Pulmonary Fibrosis

What Is Pulmonary Fibrosis?

If you or someone you love has been diagnosed with pulmonary fibrosis, you may be wondering, “What is pulmonary fibrosis?” Pulmonary fibrosis is a disease in which lung tissue becomes damaged and scarred. This scarring, which occurs around and between the air sacs in the lungs, can be the result of a number of factors, but doctors are often unsure of what exactly is causing the problem. However, the result is difficulty breathing and other progressive symptoms. The thick, stiff scar tissue pulmonary fibrosis causes in the lungs cannot be repaired, but the symptoms can be treated.   

What Causes Pulmonary Fibrosis?

The majority of the time, doctors are unable to pinpoint the precise cause of pulmonary fibrosis. However, there can be a number of pulmonary fibrosis causes, including the following.

Environmental Pulmonary Fibrosis Causes
Long-term exposure to any of the toxins below can cause damage to the lungs.

  • Asbestos
  • Bird or animal droppings
  • Coal dust
  • Grain dust
  • Hard metal dust
  • Silica dust

Medical Condition Pulmonary Fibrosis Causes

Certain medical conditions can cause lung damage. 

  • Dermatomyositis
  • Mixed connective tissue disease
  • Pneumonia
  • Polymyositis
  • Rheumatoid arthritis
  • Sarcoidosis
  • Scleroderma
  • Systemic lupus erythematosus

Medical Treatment Pulmonary Fibrosis Causes

Some medications and medical treatments can damage your lungs. 

  • Anti-inflammatory drugs: Rituximab and sulfaslazine
  • Chemotherapy drugs: Cyclophosphamide and methotrexate
  • Heart medications: Amiodarone
  • Radiation treatments: For breast or lung cancer
  • Select antibiotics: Ethambutol and nitrofurantoin

How to Treat Pulmonary Fibrosis

Pulmonary fibrosis treatment depends on the severity of the scarring in the lungs. While the damage to the lungs cannot be reversed and the progression of the disease cannot be stopped, treatment can help ease the symptoms of the disease. Treatments are aimed at improving the patient’s breathing and quality of life. 

Depending on your particular disease and your symptoms, your doctor may prescribe any of the following:

  • Lung Transplant: Because a lung transplant is a serious surgery with significant risks and potential complications, this treatment is reserved for patients for whom this is the best chance to improve quality of life.
  • Medication: Your doctor may recommend certain medications, including pirfenidone or nintedanib, which could slow the progression of idiopathic pulmonary fibrosis.
  • Oxygen Therapy: Oxygen treatments could help make breathing easier for you, helping to improve your blood oxygen levels and making sleeping, exercise and daily activities easier.
  • Pulmonary Rehabilitation: Pulmonary rehab can help improve your ability to function day to day while giving you the education you need to manage your symptoms as well as possible. It can include physical and/or breathing exercises, nutritional and medical education and counseling or support groups.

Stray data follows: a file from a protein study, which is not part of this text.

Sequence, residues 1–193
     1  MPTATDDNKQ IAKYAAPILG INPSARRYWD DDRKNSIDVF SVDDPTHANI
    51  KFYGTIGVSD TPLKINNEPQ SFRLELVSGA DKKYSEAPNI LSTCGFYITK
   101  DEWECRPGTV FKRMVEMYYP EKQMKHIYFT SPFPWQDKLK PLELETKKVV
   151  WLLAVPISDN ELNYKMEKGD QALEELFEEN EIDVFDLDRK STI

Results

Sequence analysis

Talk to your doctor about which pulmonary fibrosis treatment is right for you and how you can manage your disease and symptoms most successfully for the best quality of life possible. 

Risk Factors of Pulmonary Fibrosis

There are over 200 different kinds of pulmonary fibrosis. However, doctors are often unable to determine the cause. When doctors are unable to find what causes pulmonary fibrosis, it is called idiopathic pulmonary fibrosis. However, there are certain factors that could make you more likely to develop pulmonary fibrosis. Those risk factors can include:

  • Age: Pulmonary fibrosis is more common in middle age and older adults
  • Autoimmune diseases: Certain autoimmune diseases can cause pulmonary fibrosis, including rheumatoid arthritis, scleroderma or Sjogren’s syndrome
  • Certain occupations: If you work in construction, farming or mining, or are exposed to the toxins or dusts listed above with any regularity, your risk is higher
  • Genetics: Pulmonary fibrosis can be inherited
  • GERD: Breathing in stomach acid that has backed up into your throat can cause damage to the lungs
  • History of certain cancer treatments: Radiation treatments that occur in the chest area, as well as certain chemo drugs, can increase your risk
  • Sex: Men are more likely than women to develop pulmonary fibrosis
  • Smoking: Smoking increases your risk of developing this disease 

How Inogen Can Help With Your Pulmonary Fibrosis Treatment 

Oxygen therapy is a common treatment for pulmonary fibrosis to help improve oxygen levels and ease feelings of breathlessness, allowing you to go about your daily activities without feeling short of breath or overly fatigued. If your doctor determines that oxygen therapy would benefit you and help you manage your pulmonary fibrosis symptoms, ask if a portable oxygen concentrator meets your oxygen needs. While carrying a heavy, awkward compressed oxygen tank around with you may sound daunting, portable oxygen concentrators are incredibly easy to travel with, so you can get the oxygen you need in your home or out and about, without any change in your equipment.

Portable oxygen concentrators are small and lightweight, allowing you to take your oxygen treatments with you anytime, anywhere. Inogen offers the most compact portable oxygen concentrator models available, so you can enjoy endless oxygen as long as you have a charged battery or access to an AC or DC power source. Discover how Inogen can help treat your pulmonary fibrosis by contacting us today. Breathe better and improve your quality of life with Inogen.

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